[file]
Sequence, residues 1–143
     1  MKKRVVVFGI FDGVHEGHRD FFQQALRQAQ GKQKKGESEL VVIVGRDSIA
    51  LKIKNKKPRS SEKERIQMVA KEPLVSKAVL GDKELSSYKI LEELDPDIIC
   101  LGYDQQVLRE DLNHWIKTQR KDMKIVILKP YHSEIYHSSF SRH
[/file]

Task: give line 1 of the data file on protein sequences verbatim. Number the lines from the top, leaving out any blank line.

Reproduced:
Sequence, residues 1–143